Come on, you know where this is going. Via Newsday:
About half of all 16- to 18-year-olds coming into New York City’s jails say they had a traumatic brain injury before being incarcerated, most caused by assaults, according to a new study that’s the latest in a growing body of research documenting head trauma among young offenders.
Experts say the findings, published this week in The Journal of Adolescent Health, could lead to better training for correction officers on how to deal with the possible symptoms of such trauma, which include problems with impulse control and decision-making.
To those of us whose job it is to defend these youths, this comes as little surprise. We talk to them, listen to them, watch them and shake our heads as they walk away. We see the lack of impulse control. We hear how an astoundingly poor choice is made at a critical juncture. And there they are, in a meeting with a criminal defense lawyer.
Not all young people find themselves in lockup because of traumatic brain injury. The study says half, and that sounds about right, but fails to explain the other half. My highly scientific anecdotal experience is that the other half is there for lack of “apparent” better options and really awful role models.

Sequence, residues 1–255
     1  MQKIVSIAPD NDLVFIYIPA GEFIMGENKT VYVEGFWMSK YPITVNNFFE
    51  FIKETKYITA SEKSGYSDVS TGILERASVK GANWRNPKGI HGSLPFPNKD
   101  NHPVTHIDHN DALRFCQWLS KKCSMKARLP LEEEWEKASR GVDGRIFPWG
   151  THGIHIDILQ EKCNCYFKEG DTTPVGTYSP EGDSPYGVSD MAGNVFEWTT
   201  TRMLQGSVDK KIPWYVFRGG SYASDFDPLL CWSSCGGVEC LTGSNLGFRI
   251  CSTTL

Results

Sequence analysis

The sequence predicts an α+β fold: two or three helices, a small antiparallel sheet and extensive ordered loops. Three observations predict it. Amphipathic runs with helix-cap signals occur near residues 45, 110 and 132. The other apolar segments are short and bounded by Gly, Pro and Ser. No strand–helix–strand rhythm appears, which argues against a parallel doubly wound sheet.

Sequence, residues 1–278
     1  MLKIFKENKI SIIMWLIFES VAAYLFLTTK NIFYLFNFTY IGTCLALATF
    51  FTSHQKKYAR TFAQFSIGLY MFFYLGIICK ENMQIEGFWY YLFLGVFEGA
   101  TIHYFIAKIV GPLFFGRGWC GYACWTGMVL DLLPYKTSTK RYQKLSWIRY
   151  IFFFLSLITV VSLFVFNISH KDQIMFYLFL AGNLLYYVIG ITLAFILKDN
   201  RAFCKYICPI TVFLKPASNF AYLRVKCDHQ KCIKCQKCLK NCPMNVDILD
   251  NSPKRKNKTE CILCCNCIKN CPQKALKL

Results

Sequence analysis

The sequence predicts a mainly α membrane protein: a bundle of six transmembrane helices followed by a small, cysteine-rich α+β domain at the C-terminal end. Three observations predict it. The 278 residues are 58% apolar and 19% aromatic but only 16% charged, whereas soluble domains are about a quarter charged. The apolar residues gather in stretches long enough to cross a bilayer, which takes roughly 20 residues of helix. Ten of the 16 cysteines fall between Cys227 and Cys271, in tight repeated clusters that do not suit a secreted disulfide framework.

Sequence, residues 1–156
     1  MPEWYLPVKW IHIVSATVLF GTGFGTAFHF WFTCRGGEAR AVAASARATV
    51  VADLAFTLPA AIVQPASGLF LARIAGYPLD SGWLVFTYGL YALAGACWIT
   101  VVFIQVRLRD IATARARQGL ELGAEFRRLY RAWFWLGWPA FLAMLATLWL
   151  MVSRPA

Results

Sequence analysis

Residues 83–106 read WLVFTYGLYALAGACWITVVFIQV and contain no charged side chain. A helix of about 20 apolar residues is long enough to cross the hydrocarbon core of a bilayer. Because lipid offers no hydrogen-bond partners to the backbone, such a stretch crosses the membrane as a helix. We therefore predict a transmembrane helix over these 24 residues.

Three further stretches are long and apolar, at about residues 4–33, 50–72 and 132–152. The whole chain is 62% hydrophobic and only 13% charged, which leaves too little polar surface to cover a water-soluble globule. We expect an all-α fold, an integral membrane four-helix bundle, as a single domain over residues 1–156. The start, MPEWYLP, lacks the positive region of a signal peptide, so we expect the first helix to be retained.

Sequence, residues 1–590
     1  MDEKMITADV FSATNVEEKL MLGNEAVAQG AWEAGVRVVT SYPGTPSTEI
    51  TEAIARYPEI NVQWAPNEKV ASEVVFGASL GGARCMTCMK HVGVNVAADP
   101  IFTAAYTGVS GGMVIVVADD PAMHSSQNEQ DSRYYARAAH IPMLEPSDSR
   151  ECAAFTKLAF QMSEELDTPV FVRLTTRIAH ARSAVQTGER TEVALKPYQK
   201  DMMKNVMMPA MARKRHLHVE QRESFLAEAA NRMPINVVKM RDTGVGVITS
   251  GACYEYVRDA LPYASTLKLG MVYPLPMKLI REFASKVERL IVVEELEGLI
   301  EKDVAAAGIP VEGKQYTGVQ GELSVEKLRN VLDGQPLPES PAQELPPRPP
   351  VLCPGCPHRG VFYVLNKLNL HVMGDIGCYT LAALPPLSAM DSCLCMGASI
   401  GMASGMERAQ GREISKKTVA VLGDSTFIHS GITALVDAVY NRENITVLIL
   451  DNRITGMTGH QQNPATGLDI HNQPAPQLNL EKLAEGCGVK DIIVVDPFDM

The comments to the Newsday article are a nightmare. Most reflect a knee-jerk reaction like this:
The shrinks and lawyers are always looking for a way to absolve bad behavior in people and blame it on a medical condition. Evert time a child acts up, the shrinks will blame it on a mental condition and medicate the child into a zombie.
Is there always an excuse for the criminal. This is what society has taught us. Always find a way to blame others and society for the poor criminal. When is society going to say, take responsibility for your own actions and suffer the consequences.
And if a child gets cancer, it’s the oncologist’s fault. Any why won’t those damn blind kids see, for crying out loud? Just take responsibility and look harder.
In contrast, the New York Times editorial goes the soft route:
It is a mistake to assume that all children held in juvenile facilities represent “hard cases” beyond redemption. Indeed, a new study, by the Southern Education Foundation, a nonprofit group based in Atlanta, shows that nearly two-thirds of the young people who were confined in 2010 were confined for nonviolent offenses.
Moreover, disproportionate numbers of these young people have special needs. Federal data from 2010 show that 30 percent had learning disabilities, 45 percent had problems paying attention and 30 percent had experienced physical or sexual abuse. It should come as no surprise that most of the young people entering juvenile residential institutions are behind in reading and math.
This juxtaposition of a hard explanation and mushiness explains the angry reactions to the study reflecting the prevalence of traumatic brain injury among the juvenile prison population. It’s not that the statistics quoted in the Times’ editorial are wrong, but that they feed into the reaction that this is all bullshit, causing a great many, perhaps the majority, to reject any explanation short of personal responsibility.